It was over two decades ago, in 1999, that Bluetooth first appeared, revolutionising wireless connectivity over short distances. These days, many people use Bluetooth wireless to listen to music, alongside Bluetooth LE (Low Energy) for their accessories to communicate with one another.
We’ve had many Bluetooth advancements over the years – the most recent, Bluetooth 5, increased the range – and in 2020 Bluetooth evolved once more, with Bluetooth LE Audio. But what is this new technology and what does it offer?
The biggest take-away that the average user is going to get from Bluetooth LE Audio is that it offers higher-quality audio potential. It’s a win for wireless headphones users.
Bluetooth SIG (Special Interest Group) claims up to a 50 per cent boost in quality over existing Bluetooth, achieved using a new codec (Low Complexity Communications Codec, or LC3), which, in Laymen’s terms, is the way data is packaged up and transferred most efficiently over a wireless connection.
And there’s nothing to lose: LE Audio doesn’t use a new frequency to existing Bluetooth, it doesn’t require more data to be sent or received, it doesn’t need more power.
Better earbuds connections
In what Bluetooth SIG is calling Multi-Stream Audio for Better Earbuds, Bluetooth LE Audio is also capable of connecting independently to multiple devices, in sync.
This will benefit future wireless headphones, where both left and right sides will offer independent connectivity. Right now, most earbuds connect via Bluetooth to one earbud, the other acting as a ‘slave’ – which can sometimes cause drop-outs and issues.
Unlimited device connections
Extending on the above technology, there’s also Broadcast Audio for Audio Sharing, which enables an audio source – your smartphone, let’s say – to broadcast to an unlimited number of Bluetooth devices. So if you’re on the train and want to share that podcast from your phone to a few (or many) of your mates’ headphones, LE Audio enables this.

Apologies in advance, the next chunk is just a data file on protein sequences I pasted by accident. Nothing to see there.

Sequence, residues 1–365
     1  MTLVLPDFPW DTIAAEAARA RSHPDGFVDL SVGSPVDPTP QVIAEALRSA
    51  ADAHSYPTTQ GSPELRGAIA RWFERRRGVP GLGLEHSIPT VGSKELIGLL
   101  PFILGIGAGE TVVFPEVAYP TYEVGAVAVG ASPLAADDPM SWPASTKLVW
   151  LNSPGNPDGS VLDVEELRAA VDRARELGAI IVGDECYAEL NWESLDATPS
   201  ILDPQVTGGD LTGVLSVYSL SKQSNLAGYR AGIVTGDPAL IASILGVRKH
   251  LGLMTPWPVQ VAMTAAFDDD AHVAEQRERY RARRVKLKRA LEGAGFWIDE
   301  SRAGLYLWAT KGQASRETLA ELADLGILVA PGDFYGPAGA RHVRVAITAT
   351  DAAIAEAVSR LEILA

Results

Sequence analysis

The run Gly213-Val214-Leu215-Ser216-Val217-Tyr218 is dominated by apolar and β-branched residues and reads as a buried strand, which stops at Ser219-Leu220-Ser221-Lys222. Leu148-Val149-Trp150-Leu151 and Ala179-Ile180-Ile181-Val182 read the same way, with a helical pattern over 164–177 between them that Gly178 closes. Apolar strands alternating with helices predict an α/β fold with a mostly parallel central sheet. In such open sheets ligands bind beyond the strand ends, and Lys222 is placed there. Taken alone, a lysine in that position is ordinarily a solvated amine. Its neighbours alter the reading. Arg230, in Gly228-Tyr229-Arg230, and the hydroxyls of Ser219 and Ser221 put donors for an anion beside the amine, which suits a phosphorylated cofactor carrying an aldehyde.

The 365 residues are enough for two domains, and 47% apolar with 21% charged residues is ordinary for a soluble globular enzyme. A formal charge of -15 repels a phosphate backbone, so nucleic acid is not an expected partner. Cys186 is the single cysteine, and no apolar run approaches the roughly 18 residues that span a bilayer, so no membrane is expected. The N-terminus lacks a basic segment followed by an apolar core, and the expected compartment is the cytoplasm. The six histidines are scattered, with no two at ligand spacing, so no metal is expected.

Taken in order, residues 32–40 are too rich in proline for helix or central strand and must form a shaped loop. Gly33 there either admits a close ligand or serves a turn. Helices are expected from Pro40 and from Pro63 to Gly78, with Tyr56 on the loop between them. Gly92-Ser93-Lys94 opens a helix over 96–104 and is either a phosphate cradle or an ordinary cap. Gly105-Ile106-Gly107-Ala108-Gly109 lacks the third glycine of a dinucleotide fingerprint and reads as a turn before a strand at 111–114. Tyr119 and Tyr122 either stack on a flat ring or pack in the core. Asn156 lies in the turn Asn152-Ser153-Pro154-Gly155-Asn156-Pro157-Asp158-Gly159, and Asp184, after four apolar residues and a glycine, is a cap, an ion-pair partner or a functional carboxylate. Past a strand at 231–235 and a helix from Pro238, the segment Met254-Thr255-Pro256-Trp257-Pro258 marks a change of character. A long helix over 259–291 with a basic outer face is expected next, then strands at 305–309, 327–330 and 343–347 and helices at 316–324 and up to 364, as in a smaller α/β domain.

This expands well beyond just personal listening too; a venue, such as a museum, might offer a Bluetooth stream to tune into when walking around the space; a late-night festival might offer a bring-your-own-headphones silent disco; airports could offer banded flight announcements to interrupt your music stream for your flight announcements only. There’s a lot of possibility here.
The last new focus point is to benefit the deaf and hard of hearing community. LE Audio can be used in advanced Bluetooth hearing aid products, enabling wireless calling, listening and watching for those who require assistance to hear.
When and where can I get BT LE Audio?
Although LE Audio operates on the same Bluetooth Low Energy (LE) radio, you will need the relevant hardware in products for LE Audio to be capable, i.e. your older earphones aren’t going to improve overnight via an over-the-air update, you’ll likely need to buy a new, specific product to gain benefit.
The good news is that more recent Bluetooth 5.2 compatible headphones are likely to work with Bluetooth LE audio.
There’s lots of stuff going on behind the scenes, Android 12 introduced API support for Bluetooth LE audio and Android 13 is tipped to bring full support – so we may not have too much longer to wait.